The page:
“Almost every self-help book we have ever forced ourselves to read has been terribly dry and boring. We did our best to ensure that More Money for Beer and Textbooks didn’t turn out that way.”
-Kyle Prevost and Justin Bouchard, co-authors, More Money for Beer and Textbooks.
You’re right guys, it didn’t happen. Well done Kyle and Justin.
More Money for Beer and Textbooks – A Financial Guide for Today’s Canadian Student is an entertaining and well-written manual that gives Canadian students some realistic, honest ways to keep more cash in their pockets as they plan their way towards or work their way through post-secondary education. Today’s blogpost will provide you with an overview of this book and also give you a chance to win your FREE copy.
What to expect?
This book won’t tell you every great beer out there (and there are bunch, trust me) but it will help students better manage their limited finances. Here are a few of the great chapters you’ll read about in this book.
Chapter 1 – How Much Will School Cost…and Is It Even Worth It?
To answer the question, it is worth it but it costs a bunch (up to $80,000 for a four-year degree if you want to live away from home, in residence and use a meal plan). Those costs could be much less if you choose to follow some of the advice by Kyle and Justin in this book.
Chapter 4 – Party Like A Rockstar Student
“If we had taken the money that we “invested” in our favourites brews on campus and had put it in an RRSP, it probably would be about $150,000 by the time we were sixty-five.”
Kyle and Justin, you’re not alone. For those that haven’t been there and done that like the authors of this book (and myself for that matter) they offer some sound advice without spoiling the post-secondary fun that can come along with the academics:
- Partying like a student means figuring out a balance that works for you.
- Partying hard doesn’t have to mean partying expensive.
- Skipping classes is flushing money down the toilet.
- You need to give your body and your bank account the odd day to recover.
Chapter 5 – Gotta Get Away (Student Travel)
If you just have to get away for Spring Break, the co-authors offer some tips:
- Consider being less picky about where you want to go; consider new destinations.
- Look at the websites listed in this book for great travel deals.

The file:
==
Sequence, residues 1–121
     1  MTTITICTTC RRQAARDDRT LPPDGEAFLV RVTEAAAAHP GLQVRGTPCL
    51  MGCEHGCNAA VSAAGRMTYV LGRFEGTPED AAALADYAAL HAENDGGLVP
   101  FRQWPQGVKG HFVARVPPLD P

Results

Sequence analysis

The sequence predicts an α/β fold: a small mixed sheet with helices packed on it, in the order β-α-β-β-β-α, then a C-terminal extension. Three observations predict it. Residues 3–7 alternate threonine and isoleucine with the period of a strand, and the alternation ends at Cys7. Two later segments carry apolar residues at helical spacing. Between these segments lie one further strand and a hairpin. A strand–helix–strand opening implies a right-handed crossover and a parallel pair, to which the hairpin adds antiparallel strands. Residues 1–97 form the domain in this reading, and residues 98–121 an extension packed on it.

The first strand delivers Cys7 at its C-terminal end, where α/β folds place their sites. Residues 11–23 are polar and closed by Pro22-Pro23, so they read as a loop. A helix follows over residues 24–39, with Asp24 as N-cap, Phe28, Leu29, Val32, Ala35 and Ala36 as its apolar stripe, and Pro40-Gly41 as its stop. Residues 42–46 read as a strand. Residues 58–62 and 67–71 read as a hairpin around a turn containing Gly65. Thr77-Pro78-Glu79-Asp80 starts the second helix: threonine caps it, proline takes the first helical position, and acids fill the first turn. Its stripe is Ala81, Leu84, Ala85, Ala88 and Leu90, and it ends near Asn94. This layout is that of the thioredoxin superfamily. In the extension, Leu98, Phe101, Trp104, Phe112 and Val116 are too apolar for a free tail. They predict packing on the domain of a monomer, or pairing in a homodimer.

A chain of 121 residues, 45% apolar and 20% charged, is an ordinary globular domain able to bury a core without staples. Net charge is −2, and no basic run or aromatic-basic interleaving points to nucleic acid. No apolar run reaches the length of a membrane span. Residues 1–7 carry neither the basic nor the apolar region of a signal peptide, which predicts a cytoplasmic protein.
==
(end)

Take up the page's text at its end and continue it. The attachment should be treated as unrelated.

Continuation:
- Don’t forget the cost eating out every day; consider going to the supermarket and cooking more of your own meals when travelling.
Chapter 7 – Student Loans…Jackpot! (Not Really)
In this chapter, the co-authors provide you with a complete roadmap for managing your student loan, from the application, to using the funds wisely, to advising you how best to repay the money borrowed.
Chapter 9 – Free Money When You Need It Most (Student Tax Returns)
Something that probably doesn’t get discussed as much as it should, especially for students, is tax preparation and how to optimize your tax refund. This chapter has a host of student-oriented tax deductions to consider. Kyle and Justin also recommend the following:
“We believe students (and everyone else for that matter) should try doing their own taxes at least once, whether it’s on paper or electronically.”
Chapter 12 – Credit Cards and Lines of Credit
While credit cards and lines of credit can throw you off your financial game very quickly, they are not the sole source of evil for students according to the authors. “Much like any other tool, a credit card has perfectly valid uses and can fill a variety of needs for a student.” “Credit cards are not inherently bad. They are a tool that should be used properly but often isn’t.”
Chapter 14 – But I Thought It Wouldn’t Happen To Me (Insurance for Students)
I suspect most students headed to university or college couldn’t care less about insurance, but this is a chapter worth reading. Kyle and Justin outline what insurance is all about, what you should consider while away at school, including contents insurance for a few of your valuables.
The book begins to close out with some final words from the authors about the “real world” after graduation, suggesting not to “succumb to the barrage of consumerism that will be aimed at you in the next years. Companies love to target graduates who are getting their first taste of a steady paycheque and believe they should treat themselves after all their frugal years of study.”
In More Money for Beer and Textbooks, Kyle Prevost and Justin Bouchard provide some straight-forward answers to a host of questions for would-be Canadian students. Heck, if the students don’t have (or care) about these answers, surely their parents will and this book is equally helpful to them. I congratulate my fellow bloggers on producing such a fine piece of work and filling such an important personal-finance niche.
Are you a student who likes beer but also wants to save more money? Are you a parent of a student who wants your kid to focus on saving more money than drinking more beer? Then get the book OR win a FREE copy of More Money for Beer and Textbooks – A Financial Guide for Today’s Canadian Student by entering the giveaway below. Good luck!